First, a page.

Syria has a population of 22,717,417 (2011) of whom about 60% live in villages.
About 55% are actively engaged in agriculture, a lower proportion than in some other Middle Eastern countries. The west is by far the most populous part of the country, with dense rural populations around Dimashq and in the middle Orontes district.
Population is still sparse along the Euphrates and in the northeast around Al-Qamishli though these fast-developing areas are now attracting more people.
Damascus (1,711,000) the capital, and Aleppo (2,301,570) both have a long history as trading centers on the desert border, though Aleppo has now become the more important commercial city.
Beliefs and Culture
Most Syrians are Sunni Muslims. Christians, about 10% of the population, include Maronites, members of the Eastern Orthodox and Uniate Churches, and Protestants. Two important Muslim sects whose beliefs . are far from orthodox, dominate two areas: the Jabal al Ansariyah, the stronghold of the Alawites, and the Jabal ad-Duruz, the home of the Druzes. The influence of Alawites and Druzes in national politics has been considerable.
More than 190,000 Armenians and about 80,000 Jews live in Syria and there are small groups of Turks and Kurds. Arabic, the official language, is spoken by most Syrians, though French is widely understood by those who have had higher education. More than 50% of the population are illiterate.
Syria has an extreme form of Mediterranean climate that grades into desert conditions in the east and south of the country.
About one-third of Syria receives less than 125 mm of rain annually.
The higher mountain areas and coastal Syria receives more than 750 mm. The rainy season (September-May) has its heaviest falls from December through March.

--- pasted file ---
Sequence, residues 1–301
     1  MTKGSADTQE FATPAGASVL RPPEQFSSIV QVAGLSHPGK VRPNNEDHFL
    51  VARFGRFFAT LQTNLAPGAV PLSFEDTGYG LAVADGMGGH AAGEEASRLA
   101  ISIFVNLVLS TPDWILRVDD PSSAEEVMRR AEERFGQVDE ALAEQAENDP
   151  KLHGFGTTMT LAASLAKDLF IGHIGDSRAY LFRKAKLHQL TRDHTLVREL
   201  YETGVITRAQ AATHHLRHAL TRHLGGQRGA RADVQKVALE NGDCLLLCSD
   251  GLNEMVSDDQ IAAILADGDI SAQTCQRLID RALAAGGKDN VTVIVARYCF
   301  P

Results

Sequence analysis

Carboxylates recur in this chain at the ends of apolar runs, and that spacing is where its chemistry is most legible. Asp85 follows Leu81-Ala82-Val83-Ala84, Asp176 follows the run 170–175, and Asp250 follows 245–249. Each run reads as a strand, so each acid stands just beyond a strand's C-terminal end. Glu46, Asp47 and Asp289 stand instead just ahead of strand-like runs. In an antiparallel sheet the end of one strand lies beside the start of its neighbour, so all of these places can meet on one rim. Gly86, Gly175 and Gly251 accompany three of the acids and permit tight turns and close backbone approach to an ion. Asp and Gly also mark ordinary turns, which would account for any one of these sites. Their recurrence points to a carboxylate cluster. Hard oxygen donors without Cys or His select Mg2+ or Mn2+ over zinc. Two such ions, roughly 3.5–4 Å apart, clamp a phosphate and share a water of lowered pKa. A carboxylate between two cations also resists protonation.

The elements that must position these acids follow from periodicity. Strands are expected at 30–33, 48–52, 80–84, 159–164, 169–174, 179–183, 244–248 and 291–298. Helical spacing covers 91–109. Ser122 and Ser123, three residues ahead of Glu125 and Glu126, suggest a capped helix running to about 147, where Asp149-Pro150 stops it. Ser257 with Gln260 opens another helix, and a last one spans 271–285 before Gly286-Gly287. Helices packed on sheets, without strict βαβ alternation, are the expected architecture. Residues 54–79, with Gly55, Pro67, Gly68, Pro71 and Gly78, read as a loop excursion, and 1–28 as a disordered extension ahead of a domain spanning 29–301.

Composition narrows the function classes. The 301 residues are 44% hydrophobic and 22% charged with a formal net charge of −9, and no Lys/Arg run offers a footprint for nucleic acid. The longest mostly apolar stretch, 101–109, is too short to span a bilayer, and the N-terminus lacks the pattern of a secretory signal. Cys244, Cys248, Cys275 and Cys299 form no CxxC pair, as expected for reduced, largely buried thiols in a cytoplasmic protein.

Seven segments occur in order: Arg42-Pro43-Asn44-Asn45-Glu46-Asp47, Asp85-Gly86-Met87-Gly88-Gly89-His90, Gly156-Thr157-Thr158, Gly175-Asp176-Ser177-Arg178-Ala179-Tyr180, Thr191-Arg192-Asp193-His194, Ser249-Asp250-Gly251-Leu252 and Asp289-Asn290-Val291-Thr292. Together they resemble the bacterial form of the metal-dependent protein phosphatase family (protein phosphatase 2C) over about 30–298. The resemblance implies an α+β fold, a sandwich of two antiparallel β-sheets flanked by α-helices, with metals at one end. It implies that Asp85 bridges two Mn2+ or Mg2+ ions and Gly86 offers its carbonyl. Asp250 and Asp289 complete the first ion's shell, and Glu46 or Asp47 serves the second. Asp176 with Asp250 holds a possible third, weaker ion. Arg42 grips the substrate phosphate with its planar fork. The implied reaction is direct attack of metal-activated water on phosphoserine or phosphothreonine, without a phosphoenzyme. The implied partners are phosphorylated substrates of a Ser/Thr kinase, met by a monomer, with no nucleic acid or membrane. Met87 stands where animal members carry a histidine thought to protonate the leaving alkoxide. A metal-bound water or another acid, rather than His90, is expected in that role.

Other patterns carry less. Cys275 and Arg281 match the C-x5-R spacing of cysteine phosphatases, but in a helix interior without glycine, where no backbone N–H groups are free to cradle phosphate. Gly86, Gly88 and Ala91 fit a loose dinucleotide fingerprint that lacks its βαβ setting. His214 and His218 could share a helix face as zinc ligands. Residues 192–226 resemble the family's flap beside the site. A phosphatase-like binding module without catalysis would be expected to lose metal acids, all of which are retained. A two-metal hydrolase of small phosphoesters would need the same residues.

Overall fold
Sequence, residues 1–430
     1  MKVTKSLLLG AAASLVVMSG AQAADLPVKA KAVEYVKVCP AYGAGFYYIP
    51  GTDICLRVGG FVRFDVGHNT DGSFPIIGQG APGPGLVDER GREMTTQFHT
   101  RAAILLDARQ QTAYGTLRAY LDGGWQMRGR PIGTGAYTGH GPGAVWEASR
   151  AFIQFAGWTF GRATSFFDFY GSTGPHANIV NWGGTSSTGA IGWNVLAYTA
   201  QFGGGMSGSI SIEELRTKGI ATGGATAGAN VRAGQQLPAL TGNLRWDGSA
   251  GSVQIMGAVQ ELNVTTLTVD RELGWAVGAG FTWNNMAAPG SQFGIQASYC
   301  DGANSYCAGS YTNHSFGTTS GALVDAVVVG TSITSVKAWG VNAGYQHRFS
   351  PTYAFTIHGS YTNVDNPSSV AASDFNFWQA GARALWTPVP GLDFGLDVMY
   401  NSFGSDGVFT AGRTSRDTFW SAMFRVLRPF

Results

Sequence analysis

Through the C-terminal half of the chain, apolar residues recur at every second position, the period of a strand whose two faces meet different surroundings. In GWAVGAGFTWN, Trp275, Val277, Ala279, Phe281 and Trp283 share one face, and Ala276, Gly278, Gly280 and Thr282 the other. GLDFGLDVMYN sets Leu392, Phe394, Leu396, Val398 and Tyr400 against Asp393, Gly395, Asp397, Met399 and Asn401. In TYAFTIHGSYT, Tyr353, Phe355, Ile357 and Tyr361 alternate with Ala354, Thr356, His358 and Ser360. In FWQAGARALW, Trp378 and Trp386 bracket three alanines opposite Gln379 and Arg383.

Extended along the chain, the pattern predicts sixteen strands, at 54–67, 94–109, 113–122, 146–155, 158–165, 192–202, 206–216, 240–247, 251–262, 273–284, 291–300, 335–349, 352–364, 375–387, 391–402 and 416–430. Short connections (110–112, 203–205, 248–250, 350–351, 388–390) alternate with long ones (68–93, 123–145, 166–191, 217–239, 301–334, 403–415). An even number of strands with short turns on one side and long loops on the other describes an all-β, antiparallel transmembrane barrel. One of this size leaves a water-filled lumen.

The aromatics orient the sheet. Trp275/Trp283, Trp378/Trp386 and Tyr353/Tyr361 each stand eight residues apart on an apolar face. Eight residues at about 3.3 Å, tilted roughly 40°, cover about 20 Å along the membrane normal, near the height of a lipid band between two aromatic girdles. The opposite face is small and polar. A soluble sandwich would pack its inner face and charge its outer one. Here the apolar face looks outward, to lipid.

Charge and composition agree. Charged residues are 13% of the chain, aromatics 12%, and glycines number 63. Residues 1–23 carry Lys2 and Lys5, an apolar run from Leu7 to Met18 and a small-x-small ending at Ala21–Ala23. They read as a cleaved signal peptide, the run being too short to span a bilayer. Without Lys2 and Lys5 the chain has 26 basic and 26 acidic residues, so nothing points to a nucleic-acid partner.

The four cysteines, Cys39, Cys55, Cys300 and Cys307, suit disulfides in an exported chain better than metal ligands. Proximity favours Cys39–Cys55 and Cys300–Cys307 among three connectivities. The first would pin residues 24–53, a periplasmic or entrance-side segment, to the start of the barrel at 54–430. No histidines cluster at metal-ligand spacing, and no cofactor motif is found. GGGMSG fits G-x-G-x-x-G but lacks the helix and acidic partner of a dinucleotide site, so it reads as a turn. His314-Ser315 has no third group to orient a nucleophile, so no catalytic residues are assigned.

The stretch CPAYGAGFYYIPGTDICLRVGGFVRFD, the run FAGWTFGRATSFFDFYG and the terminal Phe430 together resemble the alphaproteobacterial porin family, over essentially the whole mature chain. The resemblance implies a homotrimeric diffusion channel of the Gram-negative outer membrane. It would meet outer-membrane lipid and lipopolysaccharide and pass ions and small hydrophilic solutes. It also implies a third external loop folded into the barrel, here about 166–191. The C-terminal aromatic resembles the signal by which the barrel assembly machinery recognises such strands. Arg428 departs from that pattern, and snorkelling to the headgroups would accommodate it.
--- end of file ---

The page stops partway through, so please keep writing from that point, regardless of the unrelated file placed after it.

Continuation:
Winters are very mild on the coast with mid-day temperatures reaching 15 to 20°C except during rare cold spells.
Inland winter temperatures are much colder -5 to 10°C and below freezing in the mountains, where snowfalls can be heavy.
Snow is not infrequent in the desert. In summer inland temperatures often rise to 40°C. The coastlands and mountains are cooler, bur summer is everywhere a period of drought with almost cloudless skies.
Vegetation and Wildlife of Syria
The Syrian desert is not so rainless as to be devoid of plant-life. For a short time in spring it is bright with colorful wild flowers. It provides sparse but adequate grazing for sheep, goats and camels. Western Syria has low scrub and thin forests of evergreen oak, pine, cedar, wild olive and cypress. The best preserved forests are in the Jabal al-Ansariyah.
Gazelle are still found in the desert along with hares, foxes and rodents. The remoter parts of the mountains are the haunt of wildcats, wolves, wild boar, and even bears.
Wildfowl of many kinds live in the marshy areas around certain lakes, and the larger lakes and rivers have trout and other freshwater fish.